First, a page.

We examined the effect of voluntary exercise on antioxidant enzyme activities (catalase, glutathione peroxidase, superoxide dismutase) in skeletal muscle (hind- and forelimb) and heart of a model small mammal species: short-tailed field vole Microtus agrestis. In addition, DNA oxidation was determined in lymphocytes and hepatocytes using the comet assay and lipid peroxidation estimated in hindlimb muscle by measurement of thiobarbituric-acid-reactive substances. Voles (approximately 6 weeks old), exposed to a 16L:8D photoperiod (lights on 0500 h), ran almost continuously during darkness. We studied the effects of voluntary running over 1 or 7 days duration, with or without an 8-h rest period, on various biomarkers of oxidative stress compared to nonrunning controls. No differences were observed in antioxidant enzyme activities, except in heart total superoxide dismutase activity (P=0.037), with the lowest levels in 1- and 7-day runners at 0500 h. DNA oxidative damage, in lymphocytes or hepatocytes, and lipid peroxidation did not differ between groups. There was no evidence of any significant increase in any oxidative stress parameter in running individuals, despite having significantly elevated energy expenditures compared to sedentary controls.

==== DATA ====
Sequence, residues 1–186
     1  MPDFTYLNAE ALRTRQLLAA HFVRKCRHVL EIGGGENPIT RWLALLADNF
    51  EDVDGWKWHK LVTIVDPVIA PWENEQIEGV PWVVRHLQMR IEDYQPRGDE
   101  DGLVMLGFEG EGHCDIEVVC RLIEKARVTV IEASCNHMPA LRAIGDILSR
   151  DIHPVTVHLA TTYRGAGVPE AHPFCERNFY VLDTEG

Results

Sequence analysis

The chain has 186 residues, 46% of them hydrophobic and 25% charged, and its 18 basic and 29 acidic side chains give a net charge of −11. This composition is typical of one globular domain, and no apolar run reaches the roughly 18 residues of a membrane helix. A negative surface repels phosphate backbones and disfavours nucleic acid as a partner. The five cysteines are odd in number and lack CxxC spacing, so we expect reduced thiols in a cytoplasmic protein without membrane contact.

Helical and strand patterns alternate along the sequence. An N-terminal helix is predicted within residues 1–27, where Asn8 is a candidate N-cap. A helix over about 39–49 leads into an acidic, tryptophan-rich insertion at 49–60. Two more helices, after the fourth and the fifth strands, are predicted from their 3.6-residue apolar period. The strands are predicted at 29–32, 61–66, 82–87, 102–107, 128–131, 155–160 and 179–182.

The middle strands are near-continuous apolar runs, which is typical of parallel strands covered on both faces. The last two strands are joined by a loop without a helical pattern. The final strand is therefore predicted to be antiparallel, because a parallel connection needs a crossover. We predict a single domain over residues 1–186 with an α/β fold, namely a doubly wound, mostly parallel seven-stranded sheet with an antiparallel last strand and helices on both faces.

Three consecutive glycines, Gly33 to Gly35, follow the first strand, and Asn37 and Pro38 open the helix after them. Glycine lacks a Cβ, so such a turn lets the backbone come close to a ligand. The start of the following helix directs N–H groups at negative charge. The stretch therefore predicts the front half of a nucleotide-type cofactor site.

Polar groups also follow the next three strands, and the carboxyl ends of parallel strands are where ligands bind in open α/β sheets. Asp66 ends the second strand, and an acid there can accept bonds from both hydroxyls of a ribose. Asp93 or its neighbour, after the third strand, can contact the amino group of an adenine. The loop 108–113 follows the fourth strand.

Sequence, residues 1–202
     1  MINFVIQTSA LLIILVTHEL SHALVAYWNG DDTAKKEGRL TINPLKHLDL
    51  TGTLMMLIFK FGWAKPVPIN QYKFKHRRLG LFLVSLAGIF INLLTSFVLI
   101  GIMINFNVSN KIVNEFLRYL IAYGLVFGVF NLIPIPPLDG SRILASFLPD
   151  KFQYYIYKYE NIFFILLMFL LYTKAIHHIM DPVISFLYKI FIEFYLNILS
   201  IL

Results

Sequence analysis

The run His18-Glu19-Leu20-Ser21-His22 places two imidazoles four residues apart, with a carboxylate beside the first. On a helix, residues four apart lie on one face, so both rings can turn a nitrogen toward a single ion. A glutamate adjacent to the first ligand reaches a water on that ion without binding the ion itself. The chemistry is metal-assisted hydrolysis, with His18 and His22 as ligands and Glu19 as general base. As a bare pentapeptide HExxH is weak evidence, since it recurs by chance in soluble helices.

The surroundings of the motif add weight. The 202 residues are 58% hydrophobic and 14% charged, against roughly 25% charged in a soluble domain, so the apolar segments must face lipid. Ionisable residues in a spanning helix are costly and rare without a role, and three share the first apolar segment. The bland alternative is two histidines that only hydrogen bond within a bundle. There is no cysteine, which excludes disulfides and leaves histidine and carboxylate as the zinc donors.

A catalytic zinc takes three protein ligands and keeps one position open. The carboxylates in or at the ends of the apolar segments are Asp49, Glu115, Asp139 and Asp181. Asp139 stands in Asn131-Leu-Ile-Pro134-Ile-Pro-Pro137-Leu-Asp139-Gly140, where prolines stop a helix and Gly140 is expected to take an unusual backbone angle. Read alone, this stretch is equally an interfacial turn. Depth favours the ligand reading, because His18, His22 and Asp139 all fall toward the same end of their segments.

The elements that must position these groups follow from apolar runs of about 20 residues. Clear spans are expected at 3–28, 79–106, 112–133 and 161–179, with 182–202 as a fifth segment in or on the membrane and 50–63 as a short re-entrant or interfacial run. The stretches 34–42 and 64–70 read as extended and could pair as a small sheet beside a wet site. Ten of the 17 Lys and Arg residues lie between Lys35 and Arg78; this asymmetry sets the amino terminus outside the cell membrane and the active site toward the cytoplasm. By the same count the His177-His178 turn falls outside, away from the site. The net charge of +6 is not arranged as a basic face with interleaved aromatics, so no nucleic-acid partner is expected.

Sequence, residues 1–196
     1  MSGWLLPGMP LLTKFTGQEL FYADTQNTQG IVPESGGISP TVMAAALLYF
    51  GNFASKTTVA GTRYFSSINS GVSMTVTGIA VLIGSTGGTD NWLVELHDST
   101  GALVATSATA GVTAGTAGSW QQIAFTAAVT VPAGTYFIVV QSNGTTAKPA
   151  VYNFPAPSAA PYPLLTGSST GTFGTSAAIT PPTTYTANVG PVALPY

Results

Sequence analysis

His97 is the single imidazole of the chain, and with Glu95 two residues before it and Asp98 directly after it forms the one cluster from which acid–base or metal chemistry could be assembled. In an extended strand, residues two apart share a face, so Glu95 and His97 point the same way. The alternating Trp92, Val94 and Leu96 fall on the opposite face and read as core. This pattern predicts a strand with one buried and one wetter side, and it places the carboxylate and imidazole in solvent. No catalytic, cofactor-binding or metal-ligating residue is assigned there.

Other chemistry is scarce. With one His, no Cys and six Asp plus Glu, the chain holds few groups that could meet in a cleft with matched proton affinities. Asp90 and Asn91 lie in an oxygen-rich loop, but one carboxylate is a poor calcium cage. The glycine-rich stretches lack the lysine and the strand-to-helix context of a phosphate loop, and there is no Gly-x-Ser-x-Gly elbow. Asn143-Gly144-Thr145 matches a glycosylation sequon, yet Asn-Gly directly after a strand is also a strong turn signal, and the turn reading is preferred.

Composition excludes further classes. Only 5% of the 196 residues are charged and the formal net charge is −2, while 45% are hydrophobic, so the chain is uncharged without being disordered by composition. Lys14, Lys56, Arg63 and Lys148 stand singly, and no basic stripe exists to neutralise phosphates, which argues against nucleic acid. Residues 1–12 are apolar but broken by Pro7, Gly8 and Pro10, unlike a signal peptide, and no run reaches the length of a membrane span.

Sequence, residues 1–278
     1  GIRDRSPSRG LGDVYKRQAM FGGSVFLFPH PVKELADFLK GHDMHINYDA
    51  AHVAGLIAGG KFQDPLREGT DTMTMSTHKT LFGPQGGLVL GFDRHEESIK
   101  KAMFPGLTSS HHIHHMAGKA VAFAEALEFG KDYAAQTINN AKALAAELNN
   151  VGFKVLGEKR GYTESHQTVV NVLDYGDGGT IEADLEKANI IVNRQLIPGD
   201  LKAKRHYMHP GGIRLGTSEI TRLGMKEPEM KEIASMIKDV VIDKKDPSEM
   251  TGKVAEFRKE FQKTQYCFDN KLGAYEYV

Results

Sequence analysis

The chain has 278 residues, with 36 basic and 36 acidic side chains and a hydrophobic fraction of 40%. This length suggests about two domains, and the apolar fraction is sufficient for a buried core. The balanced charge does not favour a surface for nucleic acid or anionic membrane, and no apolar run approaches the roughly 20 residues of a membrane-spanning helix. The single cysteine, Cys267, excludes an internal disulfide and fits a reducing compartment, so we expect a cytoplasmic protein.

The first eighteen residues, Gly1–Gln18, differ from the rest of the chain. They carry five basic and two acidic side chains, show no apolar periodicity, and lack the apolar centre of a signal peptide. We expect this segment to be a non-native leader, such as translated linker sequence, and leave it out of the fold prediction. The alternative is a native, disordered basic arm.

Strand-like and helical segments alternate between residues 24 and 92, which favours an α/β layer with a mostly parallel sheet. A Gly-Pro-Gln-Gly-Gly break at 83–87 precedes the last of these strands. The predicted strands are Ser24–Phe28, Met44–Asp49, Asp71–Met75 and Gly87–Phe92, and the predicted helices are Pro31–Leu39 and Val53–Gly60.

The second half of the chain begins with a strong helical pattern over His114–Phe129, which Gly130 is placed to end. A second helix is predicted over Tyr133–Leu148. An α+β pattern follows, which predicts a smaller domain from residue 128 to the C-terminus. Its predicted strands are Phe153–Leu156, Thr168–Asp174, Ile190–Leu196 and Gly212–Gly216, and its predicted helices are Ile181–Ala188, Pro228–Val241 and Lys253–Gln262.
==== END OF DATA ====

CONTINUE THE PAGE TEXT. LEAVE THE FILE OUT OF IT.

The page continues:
(c) 2002 Elsevier Science (USA).